Tuesday, April 09, 2019

Senate Will Investigate Yale's Application of Its Non-Discrimination Policy To Public Interest Stipends

Senator Ted Cruz, Chairman of the Constitution Subcommittee of the U.S. Senate Judiciary Committee told Yale Law School Dean Heather Gerken in a letter (full text) sent last week that the Subcommittee is opening an investigation into the Law School's recent extension of its non-discrimination policy to summer and post-graduate public interest fellowships and loan forgiveness for public interest careers. According to Yale Daily News, the move comes in reaction to the law school's announcement:
We recently decided that the Law School will require that any employment position it financially supports be open to all of our students. If an employer refuses to hire students because they are Christian, black, veterans, or gay, we will not fund that position.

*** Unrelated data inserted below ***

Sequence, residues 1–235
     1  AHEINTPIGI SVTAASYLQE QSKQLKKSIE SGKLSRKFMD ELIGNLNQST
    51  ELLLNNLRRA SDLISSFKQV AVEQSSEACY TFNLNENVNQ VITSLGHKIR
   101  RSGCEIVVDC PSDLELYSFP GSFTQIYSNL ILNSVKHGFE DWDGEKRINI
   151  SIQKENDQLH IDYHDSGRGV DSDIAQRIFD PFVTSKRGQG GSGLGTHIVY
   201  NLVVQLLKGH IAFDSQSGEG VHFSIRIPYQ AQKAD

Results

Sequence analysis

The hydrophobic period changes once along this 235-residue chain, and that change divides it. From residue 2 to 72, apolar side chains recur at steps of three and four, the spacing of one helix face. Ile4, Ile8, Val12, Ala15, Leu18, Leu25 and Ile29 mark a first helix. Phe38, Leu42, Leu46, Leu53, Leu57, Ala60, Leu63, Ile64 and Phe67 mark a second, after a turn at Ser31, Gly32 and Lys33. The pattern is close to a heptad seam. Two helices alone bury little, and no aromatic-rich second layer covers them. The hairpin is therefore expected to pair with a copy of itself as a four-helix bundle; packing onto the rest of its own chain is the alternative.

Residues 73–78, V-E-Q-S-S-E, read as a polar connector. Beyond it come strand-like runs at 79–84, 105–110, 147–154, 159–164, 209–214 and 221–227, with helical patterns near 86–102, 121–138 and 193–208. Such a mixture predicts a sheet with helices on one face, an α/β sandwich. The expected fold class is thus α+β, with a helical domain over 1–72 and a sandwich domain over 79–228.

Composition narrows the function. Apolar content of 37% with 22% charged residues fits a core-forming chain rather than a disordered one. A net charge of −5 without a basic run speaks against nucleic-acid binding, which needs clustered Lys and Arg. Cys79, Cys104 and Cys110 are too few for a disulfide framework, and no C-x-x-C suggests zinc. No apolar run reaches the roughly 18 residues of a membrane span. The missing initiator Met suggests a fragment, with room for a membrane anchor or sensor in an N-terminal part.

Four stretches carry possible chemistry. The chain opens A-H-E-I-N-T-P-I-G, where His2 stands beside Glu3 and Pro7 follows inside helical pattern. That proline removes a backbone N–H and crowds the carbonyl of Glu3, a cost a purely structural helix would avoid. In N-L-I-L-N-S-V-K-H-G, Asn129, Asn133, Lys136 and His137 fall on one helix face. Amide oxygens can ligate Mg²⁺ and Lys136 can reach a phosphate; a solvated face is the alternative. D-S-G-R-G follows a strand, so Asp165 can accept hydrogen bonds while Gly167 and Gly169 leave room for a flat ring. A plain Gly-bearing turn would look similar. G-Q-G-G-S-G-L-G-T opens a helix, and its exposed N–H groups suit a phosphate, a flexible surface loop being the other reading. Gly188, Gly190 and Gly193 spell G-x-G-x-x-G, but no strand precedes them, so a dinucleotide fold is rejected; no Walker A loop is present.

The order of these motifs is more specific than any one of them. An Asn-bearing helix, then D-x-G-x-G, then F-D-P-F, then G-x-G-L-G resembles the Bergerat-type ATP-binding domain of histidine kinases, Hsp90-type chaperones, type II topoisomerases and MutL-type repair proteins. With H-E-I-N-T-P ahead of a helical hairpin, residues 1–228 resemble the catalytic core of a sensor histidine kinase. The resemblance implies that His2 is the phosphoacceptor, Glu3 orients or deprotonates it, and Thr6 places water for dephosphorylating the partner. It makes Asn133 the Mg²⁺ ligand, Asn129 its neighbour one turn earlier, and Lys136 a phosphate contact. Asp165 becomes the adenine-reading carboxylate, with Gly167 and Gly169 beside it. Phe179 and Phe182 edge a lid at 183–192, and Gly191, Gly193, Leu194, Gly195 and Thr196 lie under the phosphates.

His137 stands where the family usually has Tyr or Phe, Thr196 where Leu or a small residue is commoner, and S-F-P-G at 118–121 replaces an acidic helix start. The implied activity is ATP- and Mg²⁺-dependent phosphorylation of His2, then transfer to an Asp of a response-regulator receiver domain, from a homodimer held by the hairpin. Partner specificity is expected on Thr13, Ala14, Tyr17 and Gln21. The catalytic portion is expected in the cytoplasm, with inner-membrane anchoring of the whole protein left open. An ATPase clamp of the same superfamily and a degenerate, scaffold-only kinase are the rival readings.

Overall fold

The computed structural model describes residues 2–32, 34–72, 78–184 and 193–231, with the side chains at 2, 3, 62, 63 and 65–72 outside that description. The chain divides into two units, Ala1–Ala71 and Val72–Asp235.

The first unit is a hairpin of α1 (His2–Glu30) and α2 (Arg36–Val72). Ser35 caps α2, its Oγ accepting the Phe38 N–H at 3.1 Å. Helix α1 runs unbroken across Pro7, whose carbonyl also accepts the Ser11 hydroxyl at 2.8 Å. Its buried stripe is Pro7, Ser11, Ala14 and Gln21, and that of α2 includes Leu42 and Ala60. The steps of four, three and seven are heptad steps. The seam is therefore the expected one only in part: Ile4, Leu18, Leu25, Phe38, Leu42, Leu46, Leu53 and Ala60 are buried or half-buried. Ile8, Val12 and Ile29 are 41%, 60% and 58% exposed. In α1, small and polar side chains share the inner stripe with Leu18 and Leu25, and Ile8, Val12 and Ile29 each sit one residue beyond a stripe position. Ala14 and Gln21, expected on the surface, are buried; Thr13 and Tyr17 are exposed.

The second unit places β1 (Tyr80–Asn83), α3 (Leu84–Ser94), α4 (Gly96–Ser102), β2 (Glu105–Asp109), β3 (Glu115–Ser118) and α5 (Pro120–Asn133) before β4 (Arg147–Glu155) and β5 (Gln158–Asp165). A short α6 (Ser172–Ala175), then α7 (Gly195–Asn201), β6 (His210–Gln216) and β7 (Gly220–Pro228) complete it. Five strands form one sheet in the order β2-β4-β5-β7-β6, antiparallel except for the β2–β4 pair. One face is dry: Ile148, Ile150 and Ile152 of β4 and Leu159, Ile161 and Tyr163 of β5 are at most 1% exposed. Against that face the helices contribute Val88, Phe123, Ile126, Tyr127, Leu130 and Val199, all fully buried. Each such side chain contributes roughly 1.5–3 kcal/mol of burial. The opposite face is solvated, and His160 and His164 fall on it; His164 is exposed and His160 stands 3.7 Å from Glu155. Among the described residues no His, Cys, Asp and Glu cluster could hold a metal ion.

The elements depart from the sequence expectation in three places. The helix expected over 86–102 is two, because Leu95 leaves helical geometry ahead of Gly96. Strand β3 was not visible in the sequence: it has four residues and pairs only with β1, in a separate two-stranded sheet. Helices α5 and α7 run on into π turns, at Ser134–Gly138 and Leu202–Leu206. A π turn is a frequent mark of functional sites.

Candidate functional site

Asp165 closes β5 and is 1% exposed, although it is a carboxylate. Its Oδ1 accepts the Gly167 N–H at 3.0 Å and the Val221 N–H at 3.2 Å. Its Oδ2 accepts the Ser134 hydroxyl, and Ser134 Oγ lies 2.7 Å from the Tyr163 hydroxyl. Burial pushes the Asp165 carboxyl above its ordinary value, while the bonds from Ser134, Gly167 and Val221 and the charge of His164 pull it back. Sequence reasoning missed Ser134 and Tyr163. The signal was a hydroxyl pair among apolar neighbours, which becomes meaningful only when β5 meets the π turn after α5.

The policy change came after negative reaction, particularly by LGBTQ groups, to the Federalist Society's speaking invitation to a lawyer from Alliance Defending Freedom. In his letter, Sen Cruz said in part:
[I]t appears that the policy arose from unconstitutional animus and a specific discriminatory intent both to blacklist Christian organizations like the Alliance Defending Freedom and punish Yale students whose values or religious faith lead them to work there.
UPDATE: Here is Yale Law School's response to Sen. Cruz's letter, emphasizing that its policy only applies to hiring practices, and not to policy objectives of the organization. [Thanks to Jim Oleske for this update item].